It was a testimonial game for West Brom’s Len Cantello, played in May 1979, in which the teams were to be racially based, black players against white. It seems like a cringe-inducing relic now, just like the ‘Three Degrees’ title given to Regis, Brendan Batson and Laurie Cunningham, yet for one day only, Berry felt he was walking in the clouds.

He says: ‘Suddenly, you weren’t in the minority. It was great to be in a dressing room where the humour was normal. I’ve got to tell you there was no 'testimonial' about the game, as far as we were concerned. We wanted to win, do you know what I mean?

'It was important that we won. There was some choice tackling going on. It was a proper game for us. And we did win, by the way.’ Regis scored the goal which wrapped up a 3-2 victory.

He had been resigned to abuse years since, through an upbringing in a then deeply mono-cultural Blackpool where his Jamaican father, a serviceman turned master carpenter and French polisher, had decided they would relocate when work dried up.

Berry celebrates with team-mates Peter Daniel, Emlyn Hughes and Andy Gray after a win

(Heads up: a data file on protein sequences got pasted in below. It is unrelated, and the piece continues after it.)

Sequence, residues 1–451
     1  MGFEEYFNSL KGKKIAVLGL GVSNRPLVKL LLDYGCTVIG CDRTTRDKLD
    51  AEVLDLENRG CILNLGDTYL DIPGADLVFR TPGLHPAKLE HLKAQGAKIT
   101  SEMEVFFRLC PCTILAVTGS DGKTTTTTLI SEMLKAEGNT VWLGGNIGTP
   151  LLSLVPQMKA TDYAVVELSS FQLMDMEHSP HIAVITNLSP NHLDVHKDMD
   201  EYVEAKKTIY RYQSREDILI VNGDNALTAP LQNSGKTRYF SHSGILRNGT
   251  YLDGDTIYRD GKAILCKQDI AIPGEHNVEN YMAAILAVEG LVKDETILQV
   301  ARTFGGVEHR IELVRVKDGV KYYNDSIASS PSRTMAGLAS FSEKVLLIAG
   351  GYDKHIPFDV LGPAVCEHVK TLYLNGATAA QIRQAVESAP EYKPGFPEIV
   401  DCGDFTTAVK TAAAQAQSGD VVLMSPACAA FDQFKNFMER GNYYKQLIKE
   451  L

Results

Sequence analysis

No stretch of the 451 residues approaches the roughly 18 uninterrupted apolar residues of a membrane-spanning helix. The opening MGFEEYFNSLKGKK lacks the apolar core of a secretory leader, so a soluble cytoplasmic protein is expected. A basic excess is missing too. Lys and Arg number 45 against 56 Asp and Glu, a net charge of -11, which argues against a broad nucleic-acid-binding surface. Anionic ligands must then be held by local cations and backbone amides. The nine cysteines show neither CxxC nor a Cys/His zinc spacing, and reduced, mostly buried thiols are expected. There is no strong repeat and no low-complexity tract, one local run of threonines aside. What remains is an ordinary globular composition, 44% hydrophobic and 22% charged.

Berry celebrates with team-mates Peter Daniel, Emlyn Hughes and Andy Gray after a win

Berry celebrates with team-mates Peter Daniel, Emlyn Hughes and Andy Gray after a win

Berry, 60, now works as a commercial director for the Professional Footballers’ Association
Berry, 60, now works as a commercial director for the Professional Footballers’ Association

Berry, 60, now works as a commercial director for the Professional Footballers’ Association

Schooldays were initially bleak, as Berry’s was the only black face in the school. The 1980s were not easy in the West Midlands, either. It was in West Bromwich that Martin Webster, who later became the National Front’s leader, saved his deposit at a parliamentary by-election in 1973. The NF made football terraces prime sites for their recruitment drive.